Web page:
(Bloomberg) -- For the first time in more than seven years, Morgan Stanley is recommending selling Tesla Inc. shares.
Optimism around the electric-car maker’s core business growth in China is now priced into the stock, analysts led by Adam Jonas wrote in a note. They also slashed their valuation of the firm’s mobility unit, citing a legal and regulatory environment that’s unsupportive of a robo-taxi network roll-out.
Tesla’s stock price has more than doubled since the beginning of October, helped by a surprise third-quarter profit, strong deliveries and quick construction of a factory in China. Morgan Stanley’s downgrade comes at a time when the rally has left analysts’ consensus price target in the dust.
“Near-term momentum and sentiment around the stock is admittedly very strong, but we ultimately question the sustainability of the momentum,” Morgan Stanley said. While the analysts raised their price target to $360 from $250, that still implies about a 30% downside from Wednesday’s close.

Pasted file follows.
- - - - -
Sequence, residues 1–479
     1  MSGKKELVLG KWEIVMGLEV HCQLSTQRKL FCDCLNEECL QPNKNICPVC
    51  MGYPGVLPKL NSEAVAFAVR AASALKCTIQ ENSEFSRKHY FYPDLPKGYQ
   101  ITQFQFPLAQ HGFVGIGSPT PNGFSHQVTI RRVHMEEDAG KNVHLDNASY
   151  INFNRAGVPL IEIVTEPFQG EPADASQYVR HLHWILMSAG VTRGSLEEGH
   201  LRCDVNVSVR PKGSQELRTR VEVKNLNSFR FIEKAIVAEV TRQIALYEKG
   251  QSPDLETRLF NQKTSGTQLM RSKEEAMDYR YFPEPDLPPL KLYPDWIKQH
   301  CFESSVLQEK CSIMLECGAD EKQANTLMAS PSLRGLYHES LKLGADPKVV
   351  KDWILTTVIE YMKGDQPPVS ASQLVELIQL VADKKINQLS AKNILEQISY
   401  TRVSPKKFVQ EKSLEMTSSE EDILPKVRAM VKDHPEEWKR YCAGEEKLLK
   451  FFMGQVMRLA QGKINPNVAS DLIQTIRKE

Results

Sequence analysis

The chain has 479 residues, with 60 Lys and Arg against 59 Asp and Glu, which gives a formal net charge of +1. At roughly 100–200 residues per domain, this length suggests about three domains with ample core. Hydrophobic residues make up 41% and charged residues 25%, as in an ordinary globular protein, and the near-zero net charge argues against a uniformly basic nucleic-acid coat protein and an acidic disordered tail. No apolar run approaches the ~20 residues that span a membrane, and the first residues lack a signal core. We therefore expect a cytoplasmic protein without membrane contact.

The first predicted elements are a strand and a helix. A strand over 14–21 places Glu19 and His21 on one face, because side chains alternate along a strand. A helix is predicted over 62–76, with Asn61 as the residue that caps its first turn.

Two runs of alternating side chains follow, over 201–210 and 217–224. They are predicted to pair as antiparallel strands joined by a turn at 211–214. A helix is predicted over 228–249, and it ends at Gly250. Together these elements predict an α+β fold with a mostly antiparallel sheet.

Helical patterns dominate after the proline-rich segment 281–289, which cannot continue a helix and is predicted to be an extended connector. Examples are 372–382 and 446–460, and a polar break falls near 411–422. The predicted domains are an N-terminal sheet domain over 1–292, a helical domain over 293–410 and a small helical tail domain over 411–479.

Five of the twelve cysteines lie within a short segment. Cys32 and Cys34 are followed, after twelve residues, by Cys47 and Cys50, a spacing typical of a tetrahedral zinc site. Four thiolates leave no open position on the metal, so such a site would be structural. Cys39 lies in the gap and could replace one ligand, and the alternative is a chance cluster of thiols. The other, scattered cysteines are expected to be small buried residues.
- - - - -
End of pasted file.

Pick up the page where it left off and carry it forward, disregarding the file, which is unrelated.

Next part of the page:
Tesla fell 2.3% in pre-market trading Thursday, setting the stock up for a second straight day of losses. Shares have gained 24% this year through Wednesday.
Morgan Stanley last had an underweight rating on Tesla in September 2012, according to data compiled by Bloomberg. The stock has risen about 1,600% since then.
The bank is far from being the only Tesla bear -- there are 15 others with a sell rating on the stock among those surveyed by Bloomberg, with 10 assigning buy ratings and 10 hold. The company overtook Apple Inc. as the most-shorted U.S. stock on Wednesday.
While Tesla deserves to be among the world’s most valuable auto companies, given its electric vehicle leadership, “investors will be presented with more attractive opportunities to own the stock in the future,” Morgan Stanley added.
--With assistance from Lisa Pham.
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